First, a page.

The Workplace: ‘My parents paid for hotels, food and travel’

The Workplace: ‘My parents paid for hotels, food and travel’
Illustration: Shutterstock Team Careers360 | Jan 18, 2020 - 1:27 p.m. IST
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By Anonymous

I was 22 when I got a job with a non-profit’s mental health programme through campus placement. I had a master’s degree in clinical psychology. Seven of us were recruited together. We joined in January 2019 and on January 5, five of us left for field work in
Chhattisgarh.

We had to do psychometric assessments in government schools. These help identify problems areas through Intelligence Quotient or behavioural tests. We can determine if a kid has a disability. Other developmental tests can measure if they have reached their developmental stages on time – they are walking on time, use washroom on their own.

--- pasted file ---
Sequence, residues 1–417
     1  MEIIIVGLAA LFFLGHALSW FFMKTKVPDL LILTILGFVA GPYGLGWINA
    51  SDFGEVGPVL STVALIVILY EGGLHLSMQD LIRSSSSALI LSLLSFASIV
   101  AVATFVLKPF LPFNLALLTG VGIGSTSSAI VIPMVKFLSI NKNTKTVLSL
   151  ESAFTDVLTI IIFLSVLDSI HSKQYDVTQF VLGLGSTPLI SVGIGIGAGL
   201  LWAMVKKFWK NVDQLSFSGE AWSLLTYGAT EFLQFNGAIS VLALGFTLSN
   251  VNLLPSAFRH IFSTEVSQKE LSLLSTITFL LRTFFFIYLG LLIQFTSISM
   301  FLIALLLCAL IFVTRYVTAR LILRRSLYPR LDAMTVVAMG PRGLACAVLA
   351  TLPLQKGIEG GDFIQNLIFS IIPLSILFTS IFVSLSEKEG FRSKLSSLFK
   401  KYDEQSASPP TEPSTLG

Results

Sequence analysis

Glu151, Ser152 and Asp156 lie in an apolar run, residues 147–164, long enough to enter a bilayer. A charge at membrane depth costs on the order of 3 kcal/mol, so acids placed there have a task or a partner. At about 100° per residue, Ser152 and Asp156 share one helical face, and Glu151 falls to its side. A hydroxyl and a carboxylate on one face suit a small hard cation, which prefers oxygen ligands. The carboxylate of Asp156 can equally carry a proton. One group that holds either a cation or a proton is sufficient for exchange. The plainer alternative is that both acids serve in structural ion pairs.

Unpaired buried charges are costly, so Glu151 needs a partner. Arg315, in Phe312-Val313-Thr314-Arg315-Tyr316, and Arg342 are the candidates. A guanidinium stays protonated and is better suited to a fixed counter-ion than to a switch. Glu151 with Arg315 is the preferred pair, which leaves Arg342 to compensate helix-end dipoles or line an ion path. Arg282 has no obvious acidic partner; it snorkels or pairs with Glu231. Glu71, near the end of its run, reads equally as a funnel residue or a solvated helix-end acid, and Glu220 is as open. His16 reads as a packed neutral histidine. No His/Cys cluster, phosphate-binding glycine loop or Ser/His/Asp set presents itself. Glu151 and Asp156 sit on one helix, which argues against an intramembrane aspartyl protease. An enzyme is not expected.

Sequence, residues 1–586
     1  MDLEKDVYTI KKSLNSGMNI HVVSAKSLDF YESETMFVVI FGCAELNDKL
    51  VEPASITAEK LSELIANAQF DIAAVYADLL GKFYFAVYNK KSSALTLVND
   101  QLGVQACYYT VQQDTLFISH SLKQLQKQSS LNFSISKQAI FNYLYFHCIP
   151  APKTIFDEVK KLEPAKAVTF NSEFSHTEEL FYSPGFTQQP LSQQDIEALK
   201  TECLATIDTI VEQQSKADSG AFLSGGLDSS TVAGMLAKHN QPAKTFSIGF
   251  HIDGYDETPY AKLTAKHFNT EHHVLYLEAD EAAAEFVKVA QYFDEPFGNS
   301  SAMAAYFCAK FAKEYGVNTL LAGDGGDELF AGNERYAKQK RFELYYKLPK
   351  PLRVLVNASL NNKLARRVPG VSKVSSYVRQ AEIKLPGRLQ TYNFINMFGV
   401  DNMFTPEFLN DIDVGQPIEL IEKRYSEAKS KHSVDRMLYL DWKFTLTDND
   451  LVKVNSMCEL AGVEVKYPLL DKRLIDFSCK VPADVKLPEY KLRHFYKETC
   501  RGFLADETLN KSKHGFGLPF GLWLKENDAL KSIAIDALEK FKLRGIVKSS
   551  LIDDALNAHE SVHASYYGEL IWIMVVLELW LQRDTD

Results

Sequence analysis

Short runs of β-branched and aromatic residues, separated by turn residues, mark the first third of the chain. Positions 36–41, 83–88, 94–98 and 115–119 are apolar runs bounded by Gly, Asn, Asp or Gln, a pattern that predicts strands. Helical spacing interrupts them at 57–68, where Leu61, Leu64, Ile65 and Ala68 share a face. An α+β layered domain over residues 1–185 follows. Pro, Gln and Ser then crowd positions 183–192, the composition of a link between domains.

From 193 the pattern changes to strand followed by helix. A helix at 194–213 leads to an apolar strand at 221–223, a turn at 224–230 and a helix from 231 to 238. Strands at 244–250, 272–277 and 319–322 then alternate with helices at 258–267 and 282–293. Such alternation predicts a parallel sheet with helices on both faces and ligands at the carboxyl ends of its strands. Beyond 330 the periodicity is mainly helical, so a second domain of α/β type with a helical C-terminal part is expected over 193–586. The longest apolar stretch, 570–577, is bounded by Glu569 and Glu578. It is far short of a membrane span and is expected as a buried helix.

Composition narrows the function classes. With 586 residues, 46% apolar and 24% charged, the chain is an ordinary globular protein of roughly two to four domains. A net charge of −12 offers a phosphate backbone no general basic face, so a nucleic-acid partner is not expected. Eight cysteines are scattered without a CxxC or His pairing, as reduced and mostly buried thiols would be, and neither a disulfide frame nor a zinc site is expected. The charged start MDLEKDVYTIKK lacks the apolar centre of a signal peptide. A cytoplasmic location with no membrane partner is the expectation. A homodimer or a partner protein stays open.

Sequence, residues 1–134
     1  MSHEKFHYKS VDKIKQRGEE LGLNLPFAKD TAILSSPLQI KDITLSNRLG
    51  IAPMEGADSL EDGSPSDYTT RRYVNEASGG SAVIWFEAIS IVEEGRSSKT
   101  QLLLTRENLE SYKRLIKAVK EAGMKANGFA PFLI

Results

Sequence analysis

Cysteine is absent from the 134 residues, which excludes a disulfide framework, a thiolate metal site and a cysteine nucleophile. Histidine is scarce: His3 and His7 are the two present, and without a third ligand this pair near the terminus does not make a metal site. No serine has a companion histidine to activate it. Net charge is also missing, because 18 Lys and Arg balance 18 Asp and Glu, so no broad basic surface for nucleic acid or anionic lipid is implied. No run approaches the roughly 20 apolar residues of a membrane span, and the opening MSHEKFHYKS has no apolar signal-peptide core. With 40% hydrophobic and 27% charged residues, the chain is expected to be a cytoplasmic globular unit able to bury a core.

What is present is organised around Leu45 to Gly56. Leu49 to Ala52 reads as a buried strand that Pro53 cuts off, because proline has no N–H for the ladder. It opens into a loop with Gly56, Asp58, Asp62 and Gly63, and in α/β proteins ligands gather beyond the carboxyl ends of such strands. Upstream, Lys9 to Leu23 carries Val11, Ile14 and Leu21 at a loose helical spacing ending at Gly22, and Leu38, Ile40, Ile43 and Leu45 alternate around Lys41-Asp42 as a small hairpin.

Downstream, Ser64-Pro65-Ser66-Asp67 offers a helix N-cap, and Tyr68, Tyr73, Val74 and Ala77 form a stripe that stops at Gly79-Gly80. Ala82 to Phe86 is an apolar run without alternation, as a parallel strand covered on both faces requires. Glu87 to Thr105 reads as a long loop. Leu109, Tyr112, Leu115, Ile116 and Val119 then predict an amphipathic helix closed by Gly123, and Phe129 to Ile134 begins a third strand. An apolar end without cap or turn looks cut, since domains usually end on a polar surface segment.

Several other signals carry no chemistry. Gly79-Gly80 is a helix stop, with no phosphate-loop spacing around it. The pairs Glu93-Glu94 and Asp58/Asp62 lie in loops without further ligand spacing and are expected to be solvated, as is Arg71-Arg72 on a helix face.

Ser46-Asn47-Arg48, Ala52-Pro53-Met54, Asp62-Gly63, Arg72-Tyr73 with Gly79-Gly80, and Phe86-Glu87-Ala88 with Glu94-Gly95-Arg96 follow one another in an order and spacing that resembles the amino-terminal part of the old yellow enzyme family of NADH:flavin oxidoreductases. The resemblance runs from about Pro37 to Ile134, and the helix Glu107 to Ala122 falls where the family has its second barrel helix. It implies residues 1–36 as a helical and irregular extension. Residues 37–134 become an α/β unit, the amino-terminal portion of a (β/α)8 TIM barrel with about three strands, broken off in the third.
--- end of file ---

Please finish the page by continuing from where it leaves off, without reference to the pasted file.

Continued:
I found the work very interesting. Sometimes, just three of us tested 100 kids. We’d stay till 8 p.m., and miss the bus. It got hectic. But the work was satisfactory. You know the feeling when you come back in the evening but don’t regret having to go back the next day? We looked forward to work.

However, the management of the company was something else.

Paying for a dirty hotel

A person already living in Raipur was supposed to guide us. He was like a team leader. The hotel he had chosen had a bar on the ground floor. Men staying in the hotel after a night of drinking were not very friendly. The hotel was also full of cockroaches. They would appear in our bags and wander over our toothbrushes. Our team leader wasn’t listening to complaints or letting us talk to our supervisor in Delhi.

After two weeks, we had to find another place to stay for just the next fortnight.

As we were leaving, we were asked to pay for the hotel and told we’d be reimbursed. Each room cost Rs. 1,000 per day and two people shared it. For two weeks, each of us had to shell out around Rs. 7,000. Plus, we spent at least Rs. 110 on conveyance and Rs. 300 on food per day. Our parents had to pay all of that because I had not yet received my first pay cheque.